I had to use the joke intended for this space on facebook yesterday, so here’s an alternate: A dog limps into the saloon and says, “I’m looking for the man who shot my paw.”
Okay, back to our story.
Sometime in the last millennium, an employer’s generous profit-sharing plan provided me a brief window of unusually high income. I spent much of it on booze and women, but I squandered a lot, too. That’s why I’m so frugal now. Reviewing images from the OjaiAid photo shoot, I wondered whether money would have improved the results.
Certainly, if I were rich again I would have walked into The Jester with a Nikon D3s camera (aka “the lord of darkness”), as well as Nikon’s three latest f1.4 lenses: 24mm, 50mm, 85mm. All together, that’s about $9,400 worth of gear – except that I’d prefer two camera bodies, so make that $14,600. I would confidently shoot at ISO 12,800 (four times more sensitive than the ISO 3200 setting I used for most of the show), getting higher shutter speeds (to freeze the action) and maybe even smaller apertures (for greater depth of field).
As it was, I walked into that bar with my trusty, battle-hardened Nikon D300 and my three fastest lenses: 85mm f1.8, 35mm f2.0, and 50mm f1.8. Of course, I’ve studied military history, so I know the importance of arriving first with overwhelming force. I snuck in a couple of hours before the event and stashed a bag near the BBQ. The bag included four more lenses (11-16 f2.8, 17-55 f2.8, 70-200 f2.8, 105 f2.8) and three flash units. No, I was never a boy scout, but I’ve seen The Untouchables, so I know better than to bring a knife to a gunfight. That 11-16 eventually delivered the money shot of the day.
Still, test shots revealed that my f2.8 lenses – which are considered fast lenses by everyone that sells them – would not be fast enough for the circumstances. Thank goodness Nikon has kept their camera/lens combinations backward compatible, so my old, faster prime lenses work with my digital camera.
I’m very comfortable using the D300 at ISO 1600 – that’s how I shoot most theater and dance events. And as I’ve noted before, I can get away with ISO 3200 when the image is well exposed. But for most of the day, I shot at ISO 3200 with the lenses wide open – or close to wide open – to get an almost-but-not-quite-fast-enough shutter speed. Constantly underexposing images at the top end of your ISO range is a guaranteed noise- and ulcer-generator. But when your gear is maxed out, what’s plan b?
For the first couple of hours, I got a little boost from ambient light through the window behind the stage. But as evening came on and the images got darker and darker, I made a crucial decision. I had always planned to convert the images to black and white, because I knew they would be grainy, but now I took the bold step of setting the camera to SHOOT in black and white. Why? I was shooting in jpeg anyway, and decided I’d just take the WYSIWYG bull by the horns and make my exposure decisions based on the LCD monitor.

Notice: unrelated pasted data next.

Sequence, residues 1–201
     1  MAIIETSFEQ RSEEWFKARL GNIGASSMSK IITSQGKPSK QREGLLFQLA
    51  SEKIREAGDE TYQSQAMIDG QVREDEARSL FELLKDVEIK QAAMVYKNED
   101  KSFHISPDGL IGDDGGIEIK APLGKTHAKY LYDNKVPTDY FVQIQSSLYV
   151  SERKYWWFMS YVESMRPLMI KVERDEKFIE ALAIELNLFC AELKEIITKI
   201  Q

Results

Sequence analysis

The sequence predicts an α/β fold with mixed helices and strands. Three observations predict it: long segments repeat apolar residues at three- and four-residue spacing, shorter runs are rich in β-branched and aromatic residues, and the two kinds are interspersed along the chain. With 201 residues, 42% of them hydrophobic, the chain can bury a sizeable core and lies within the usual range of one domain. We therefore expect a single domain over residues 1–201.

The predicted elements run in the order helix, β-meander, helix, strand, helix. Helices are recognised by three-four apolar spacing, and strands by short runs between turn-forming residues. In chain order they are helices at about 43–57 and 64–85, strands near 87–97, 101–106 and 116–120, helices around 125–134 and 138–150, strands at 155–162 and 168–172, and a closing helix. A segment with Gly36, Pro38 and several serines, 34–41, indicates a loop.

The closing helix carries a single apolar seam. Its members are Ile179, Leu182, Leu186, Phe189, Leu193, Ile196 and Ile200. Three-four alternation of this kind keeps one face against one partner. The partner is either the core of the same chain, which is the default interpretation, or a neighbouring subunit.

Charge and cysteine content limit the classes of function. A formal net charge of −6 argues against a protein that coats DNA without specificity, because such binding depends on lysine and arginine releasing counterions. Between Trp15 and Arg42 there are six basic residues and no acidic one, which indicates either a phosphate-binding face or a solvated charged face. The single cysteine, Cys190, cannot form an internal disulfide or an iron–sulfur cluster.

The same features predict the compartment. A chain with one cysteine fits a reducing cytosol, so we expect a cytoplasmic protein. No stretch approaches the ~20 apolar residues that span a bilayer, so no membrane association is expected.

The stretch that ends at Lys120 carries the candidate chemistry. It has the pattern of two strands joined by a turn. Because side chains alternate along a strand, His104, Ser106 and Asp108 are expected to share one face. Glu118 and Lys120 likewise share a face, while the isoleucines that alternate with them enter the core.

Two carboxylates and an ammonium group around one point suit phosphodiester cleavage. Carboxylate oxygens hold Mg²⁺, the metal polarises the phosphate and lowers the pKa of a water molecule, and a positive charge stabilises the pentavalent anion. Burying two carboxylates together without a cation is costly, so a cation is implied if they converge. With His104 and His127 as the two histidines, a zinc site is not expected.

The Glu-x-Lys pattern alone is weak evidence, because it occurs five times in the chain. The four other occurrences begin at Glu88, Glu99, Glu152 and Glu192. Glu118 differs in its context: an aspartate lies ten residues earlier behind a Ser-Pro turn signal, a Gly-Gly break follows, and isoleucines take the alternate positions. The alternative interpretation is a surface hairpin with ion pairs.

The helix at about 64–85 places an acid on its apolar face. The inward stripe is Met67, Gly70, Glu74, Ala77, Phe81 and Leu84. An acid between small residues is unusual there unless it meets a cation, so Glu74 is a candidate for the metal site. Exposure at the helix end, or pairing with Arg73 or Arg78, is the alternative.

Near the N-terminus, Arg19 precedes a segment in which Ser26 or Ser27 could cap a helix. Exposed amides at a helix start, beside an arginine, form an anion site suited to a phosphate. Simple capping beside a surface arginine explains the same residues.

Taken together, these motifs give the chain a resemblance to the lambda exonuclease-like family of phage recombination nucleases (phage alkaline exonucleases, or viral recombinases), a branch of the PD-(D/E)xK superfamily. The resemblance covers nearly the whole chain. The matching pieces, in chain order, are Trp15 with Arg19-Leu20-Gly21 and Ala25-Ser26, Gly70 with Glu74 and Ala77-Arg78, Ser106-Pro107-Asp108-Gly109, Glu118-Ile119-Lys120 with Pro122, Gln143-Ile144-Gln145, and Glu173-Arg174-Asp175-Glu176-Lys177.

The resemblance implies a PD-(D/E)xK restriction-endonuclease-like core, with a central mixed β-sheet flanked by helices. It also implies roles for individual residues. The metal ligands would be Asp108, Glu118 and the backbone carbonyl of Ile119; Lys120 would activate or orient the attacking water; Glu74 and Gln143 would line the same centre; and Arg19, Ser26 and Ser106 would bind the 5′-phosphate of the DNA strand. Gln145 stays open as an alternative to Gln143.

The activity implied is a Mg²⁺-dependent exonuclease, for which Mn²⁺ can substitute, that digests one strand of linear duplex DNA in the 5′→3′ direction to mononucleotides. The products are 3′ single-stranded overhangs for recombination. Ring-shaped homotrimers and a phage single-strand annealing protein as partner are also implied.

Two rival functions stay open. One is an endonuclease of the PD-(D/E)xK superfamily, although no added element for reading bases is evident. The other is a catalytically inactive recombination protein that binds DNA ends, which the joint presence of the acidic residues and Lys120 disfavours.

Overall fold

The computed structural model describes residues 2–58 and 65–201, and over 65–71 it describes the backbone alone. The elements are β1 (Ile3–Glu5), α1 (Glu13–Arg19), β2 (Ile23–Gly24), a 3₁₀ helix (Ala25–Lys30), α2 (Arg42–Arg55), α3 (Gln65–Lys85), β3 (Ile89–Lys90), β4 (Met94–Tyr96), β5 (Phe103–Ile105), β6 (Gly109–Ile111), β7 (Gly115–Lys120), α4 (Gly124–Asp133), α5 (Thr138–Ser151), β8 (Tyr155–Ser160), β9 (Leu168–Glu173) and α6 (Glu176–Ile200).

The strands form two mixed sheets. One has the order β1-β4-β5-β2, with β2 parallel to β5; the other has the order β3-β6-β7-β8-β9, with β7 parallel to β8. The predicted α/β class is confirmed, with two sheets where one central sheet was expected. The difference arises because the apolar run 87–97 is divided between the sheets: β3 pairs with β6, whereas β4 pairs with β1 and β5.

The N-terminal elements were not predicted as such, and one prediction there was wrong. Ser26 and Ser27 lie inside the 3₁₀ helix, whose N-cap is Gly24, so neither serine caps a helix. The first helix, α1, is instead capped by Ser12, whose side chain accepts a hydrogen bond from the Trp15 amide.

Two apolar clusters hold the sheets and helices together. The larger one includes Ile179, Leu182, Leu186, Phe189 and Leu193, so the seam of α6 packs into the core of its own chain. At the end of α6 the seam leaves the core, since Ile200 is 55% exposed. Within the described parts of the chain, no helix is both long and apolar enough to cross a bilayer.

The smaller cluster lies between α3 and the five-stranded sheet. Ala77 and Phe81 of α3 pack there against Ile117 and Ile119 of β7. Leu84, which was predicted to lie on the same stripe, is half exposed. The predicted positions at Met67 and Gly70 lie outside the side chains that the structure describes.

“Wait a minute,” demands the observant regular reader. “Why on earth would you shoot something so important in jpeg! You told us you shoot important things in RAW! Have you lied to us? You, our rock of sages; the still center of an ever spinning photographic universe?”
There, there; go ahead and cry. Let it all out. But yes, I shot in jpeg, and yes, it was a mistake under the circumstances. I was carrying 20gb worth of compact flash cards, but I expected to shoot for at least seven hours. I sometimes fill 12gb at a two-hour dance concert. Would you have risked running out of image storage space before the show was over?
But this was not a dance concert, and at the end of eight hours, I’d captured only a thousand images. I could have shot in RAW, and I should have shot in RAW. The original decision was not a mistake, but forgetting to adapt to changing conditions was indeed an oversight. RAW would have given me better noise control, wider post-processing options, and a slight improvement in dynamic range. Spilt milk, though, and fodder for a future blog entry on the post-processing of these images.
Speaking of less noise and greater dynamic range, I imagine many of you are already taking up a collection to get me a Nikon D3s and some faster lenses. That’s very kind, but you know what? A D3s and superfast lenses may not have made that big a difference in my images. Yes, they might be sharper and would certainly offer smoother tonal gradations (less noise and greater dynamic range), and the bokeh (rendering of out-of-focus highlights) would be creamy and beautiful, but most people wouldn’t notice. Why? Because while I was obsessing over the effects of low light levels, two other factors affected the images more noticeably: the direction of the light and my limited mobility. I reckon that’s what we’ll discuss in part three.